Performance of wsHttpBinding vs basicHttpBinding
I’ve been performance testing a WCF service recently and working away at the bottlenecks in the system. After fixing a few performance issues in the components behind the service endpoint (service implementation and beyond), I was still getting really bad throughput calling the distributed service. The service in this case is hosted on a Windows Server 2003 VM. While it is not on physical hardware, I should be able to achieve better performance than the results I was getting.
After 90 seconds into a load test, the resources on the server got saturated and performance dropped through the floor. After this happened for a minute or so, timeouts and security negotiation failures occurred and test executions essentially halted for the remainder of the load test. I noticed that once service requests were no longer being processed that the server was no longer stressed (CPU dropped back down to normal).
This lead me to think that the reason the host was no longer processing requests was that WCF throttling was occurring. All the test executions passed without timeouts or security negotiation failures once I increased the throttling limits on the host. The test execution time performance still had the same pattern though. The next thought was regarding the binding I was using. The service was configured for wsHttpBinding. This binding has a lot more functionality but also a lot more overhead when compared with basicHttpBinding. To test the theory, I switched the service over to basicHttpBinding.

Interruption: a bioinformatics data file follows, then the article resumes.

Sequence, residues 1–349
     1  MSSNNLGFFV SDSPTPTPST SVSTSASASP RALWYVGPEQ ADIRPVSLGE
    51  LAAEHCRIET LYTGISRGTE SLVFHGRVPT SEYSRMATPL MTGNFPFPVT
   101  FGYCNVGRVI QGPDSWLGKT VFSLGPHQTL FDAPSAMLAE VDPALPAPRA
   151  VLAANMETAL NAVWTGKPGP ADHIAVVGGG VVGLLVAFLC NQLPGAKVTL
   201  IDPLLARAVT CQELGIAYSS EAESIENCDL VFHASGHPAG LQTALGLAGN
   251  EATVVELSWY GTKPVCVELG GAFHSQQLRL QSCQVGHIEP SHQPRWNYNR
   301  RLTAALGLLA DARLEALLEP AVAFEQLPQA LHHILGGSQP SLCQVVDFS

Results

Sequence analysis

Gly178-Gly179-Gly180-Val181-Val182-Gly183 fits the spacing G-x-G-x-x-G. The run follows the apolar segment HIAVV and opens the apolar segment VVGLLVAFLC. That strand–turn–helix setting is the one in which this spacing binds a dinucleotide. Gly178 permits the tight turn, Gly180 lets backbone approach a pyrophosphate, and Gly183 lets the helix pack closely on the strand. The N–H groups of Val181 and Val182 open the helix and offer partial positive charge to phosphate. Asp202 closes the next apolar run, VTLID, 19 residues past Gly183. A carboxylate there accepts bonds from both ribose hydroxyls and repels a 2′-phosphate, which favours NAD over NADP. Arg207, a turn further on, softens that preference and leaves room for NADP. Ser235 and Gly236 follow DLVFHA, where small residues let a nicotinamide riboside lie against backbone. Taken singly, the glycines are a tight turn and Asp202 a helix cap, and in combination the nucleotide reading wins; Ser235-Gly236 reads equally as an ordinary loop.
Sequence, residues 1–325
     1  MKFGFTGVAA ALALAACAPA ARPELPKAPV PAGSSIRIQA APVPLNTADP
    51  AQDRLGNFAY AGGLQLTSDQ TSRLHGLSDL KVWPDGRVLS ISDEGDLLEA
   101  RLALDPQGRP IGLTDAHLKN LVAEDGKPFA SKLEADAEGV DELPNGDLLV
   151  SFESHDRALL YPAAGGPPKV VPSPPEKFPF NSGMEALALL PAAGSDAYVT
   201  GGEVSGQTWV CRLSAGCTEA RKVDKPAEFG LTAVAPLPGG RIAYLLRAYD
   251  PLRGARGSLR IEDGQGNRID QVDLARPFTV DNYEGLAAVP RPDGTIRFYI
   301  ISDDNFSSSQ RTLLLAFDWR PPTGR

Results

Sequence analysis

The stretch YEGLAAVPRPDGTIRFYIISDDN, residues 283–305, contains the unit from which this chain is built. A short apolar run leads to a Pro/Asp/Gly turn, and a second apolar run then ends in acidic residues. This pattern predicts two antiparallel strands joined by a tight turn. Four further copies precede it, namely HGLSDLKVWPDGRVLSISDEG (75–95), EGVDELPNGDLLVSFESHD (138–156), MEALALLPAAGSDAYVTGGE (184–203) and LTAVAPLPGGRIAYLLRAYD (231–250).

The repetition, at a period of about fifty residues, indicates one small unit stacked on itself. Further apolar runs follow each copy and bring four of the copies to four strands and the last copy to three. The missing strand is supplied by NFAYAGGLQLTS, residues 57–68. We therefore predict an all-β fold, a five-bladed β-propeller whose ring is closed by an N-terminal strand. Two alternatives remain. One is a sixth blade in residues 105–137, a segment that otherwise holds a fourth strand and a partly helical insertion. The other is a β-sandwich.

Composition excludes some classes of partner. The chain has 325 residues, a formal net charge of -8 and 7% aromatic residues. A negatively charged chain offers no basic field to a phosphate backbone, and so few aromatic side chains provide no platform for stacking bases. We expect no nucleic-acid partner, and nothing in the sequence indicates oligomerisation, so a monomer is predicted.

This is the load test result using wsHttpBinding. The test starts well, then the CPU gets saturated dealing with the wsHttpBinding overhead. The test time starts to bounce around the 8 second mark and the CPU on the server is working way too hard.
Switching over to basicHttpBinding dropped the average test time down to a consistent 28 milliseconds. That is quite an improvement over 8 seconds. This such an increase in performance, I was able to remove the custom throttling configuration and use the default values without a problem.
The CPU on the server is no longer peaking out, but is still working hard because it is processing over 28,000 requests rather than just a few thousand.
This post isn’t intended to scare you off using wsHttpBinding. It has its place, but if you don’t require its functionality, be aware of the performance implication. You may need to scale up your hardware if you do require wsHttpBinding on a service that will be hit heavily. My preference would be to use netTcpBinding in WAS, but unfortunately Windows Server 2008 is not available to me for this specific scenario.